Jim Henderson has pitched really well since taking over the closer role from John Axford in Milwaukee, but he could be headed for an extended absence.
Henderson strained his right hamstring in the ninth inning last night while attempting to finish off the Brewers’ victory against the Pirates. He appeared to suffer the injury as he attempted to field a comebacker off the bat of Russell Martin, but Henderson told Adam McCalvy of MLB.com that he tweaked his hamstring when he pushed off the mound to make the pitch.
Henderson tried to stay in the game initially, but was pulled after he showed obvious discomfort on a warm-up throw. Francisco Rodriguez took over from there and needed just two pitches for his first save of the season and the 295th of his career.
If Henderson requires a trip to the disabled list, Brewers manager Ron Roenicke said that he will likely employ a closer-by-committee in his absence. Rodriguez, Axford and even Mike Gonzalez could all be in the mix for save chances.
Henderson, 30, owns an 0.82 ERA and 23/5 K/BB ratio over 19 2/3 innings this season. He is a perfect 9-for-9 in save opportunities.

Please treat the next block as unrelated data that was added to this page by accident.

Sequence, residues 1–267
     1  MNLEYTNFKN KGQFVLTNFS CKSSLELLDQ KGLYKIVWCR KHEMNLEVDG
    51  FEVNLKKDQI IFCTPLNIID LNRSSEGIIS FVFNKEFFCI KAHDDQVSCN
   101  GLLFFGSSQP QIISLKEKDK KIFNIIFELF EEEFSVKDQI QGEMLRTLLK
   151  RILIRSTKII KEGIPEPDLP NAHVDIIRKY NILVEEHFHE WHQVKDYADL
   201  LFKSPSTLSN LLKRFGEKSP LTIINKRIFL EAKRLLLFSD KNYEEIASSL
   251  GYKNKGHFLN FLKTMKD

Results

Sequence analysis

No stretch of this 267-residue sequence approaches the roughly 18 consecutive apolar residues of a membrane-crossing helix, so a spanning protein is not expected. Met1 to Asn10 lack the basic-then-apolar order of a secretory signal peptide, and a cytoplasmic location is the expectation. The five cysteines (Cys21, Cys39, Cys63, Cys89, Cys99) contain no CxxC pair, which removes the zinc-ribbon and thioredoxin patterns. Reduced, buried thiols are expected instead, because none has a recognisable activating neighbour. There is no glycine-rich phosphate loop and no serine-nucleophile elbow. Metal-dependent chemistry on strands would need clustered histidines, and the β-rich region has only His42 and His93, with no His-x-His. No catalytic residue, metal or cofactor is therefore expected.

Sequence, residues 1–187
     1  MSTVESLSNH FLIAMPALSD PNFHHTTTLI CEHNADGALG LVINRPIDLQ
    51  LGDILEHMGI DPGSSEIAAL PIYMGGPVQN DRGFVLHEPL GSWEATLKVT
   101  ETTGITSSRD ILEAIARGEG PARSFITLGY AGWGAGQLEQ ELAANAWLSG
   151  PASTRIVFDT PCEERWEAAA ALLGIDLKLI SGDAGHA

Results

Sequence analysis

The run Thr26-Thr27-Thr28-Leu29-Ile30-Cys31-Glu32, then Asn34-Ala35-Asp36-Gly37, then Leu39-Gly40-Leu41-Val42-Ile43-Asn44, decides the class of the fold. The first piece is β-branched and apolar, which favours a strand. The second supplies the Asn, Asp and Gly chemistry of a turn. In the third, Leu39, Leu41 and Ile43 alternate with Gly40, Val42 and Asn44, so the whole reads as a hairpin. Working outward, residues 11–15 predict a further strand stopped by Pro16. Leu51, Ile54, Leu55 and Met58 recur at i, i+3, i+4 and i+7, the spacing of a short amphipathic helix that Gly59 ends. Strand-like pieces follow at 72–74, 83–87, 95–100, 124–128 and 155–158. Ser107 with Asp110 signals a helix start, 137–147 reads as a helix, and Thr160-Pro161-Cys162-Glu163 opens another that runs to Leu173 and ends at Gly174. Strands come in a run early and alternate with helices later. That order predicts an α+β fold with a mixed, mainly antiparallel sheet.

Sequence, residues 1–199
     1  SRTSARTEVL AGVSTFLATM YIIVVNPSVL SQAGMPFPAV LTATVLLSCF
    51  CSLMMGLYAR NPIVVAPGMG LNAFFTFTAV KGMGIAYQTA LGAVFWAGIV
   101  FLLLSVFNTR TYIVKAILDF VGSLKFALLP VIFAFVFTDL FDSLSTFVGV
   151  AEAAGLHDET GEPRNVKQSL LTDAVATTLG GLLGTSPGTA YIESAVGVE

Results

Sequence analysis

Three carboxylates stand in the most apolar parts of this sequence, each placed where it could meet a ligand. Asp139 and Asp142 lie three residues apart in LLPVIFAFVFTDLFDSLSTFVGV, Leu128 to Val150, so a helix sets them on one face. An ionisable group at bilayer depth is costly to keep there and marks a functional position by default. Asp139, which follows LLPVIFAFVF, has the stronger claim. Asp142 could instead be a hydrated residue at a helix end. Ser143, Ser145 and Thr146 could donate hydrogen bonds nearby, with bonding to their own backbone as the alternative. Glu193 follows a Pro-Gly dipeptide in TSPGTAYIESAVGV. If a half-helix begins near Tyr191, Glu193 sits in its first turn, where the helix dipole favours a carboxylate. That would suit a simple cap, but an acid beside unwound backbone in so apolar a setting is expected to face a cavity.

Because of course he did.
It wasn’t just his first at bat, but it was his first pitch. It came off of John Kilichowski, an 11th round draft pick of the St. Louis Cardinals out of Vanderbilt. The ball went out to left center, off the bat of the lefty Tebow.
Next time, meat, throw him a breaking ball.
The other night, Blue Jays reliever Joaquin Benoit needed help getting off the field after the second benches-clearing incident with the Yankees. It was later revealed that Benoit tore a calf muscle during the fracas, ending his season.
Yesterday he pointed the finger at just about everyone else for the incidents like the one that led to his injury. Hitters specifically. From The Star:
“I believe as pitchers we’re entitled to use the whole plate and pitch in if that’s the way we’re going to succeed,” Benoit said. “I believe that right now baseball is taking things so far that in some situations most hitters believe that they can’t be brushed out. Some teams take it personally.”
That “take it personally” line is interesting coming from Benoit as, in this instance, it seemed pretty clear that the whole plunking exchange which led to his injury started because Josh Donaldson took an inside pitch that did not seem to be a purpose pitch at all, too personally.
Did Benoit take a veiled swipe at his teammate here? If so, that’s pretty notable. If not it’s notable in another way, right? As it suggests that Benoit believes it’s OK for his teammates to take issue with inside pitches but anyone else who does is part of the problem?
Which is it, Joaquin?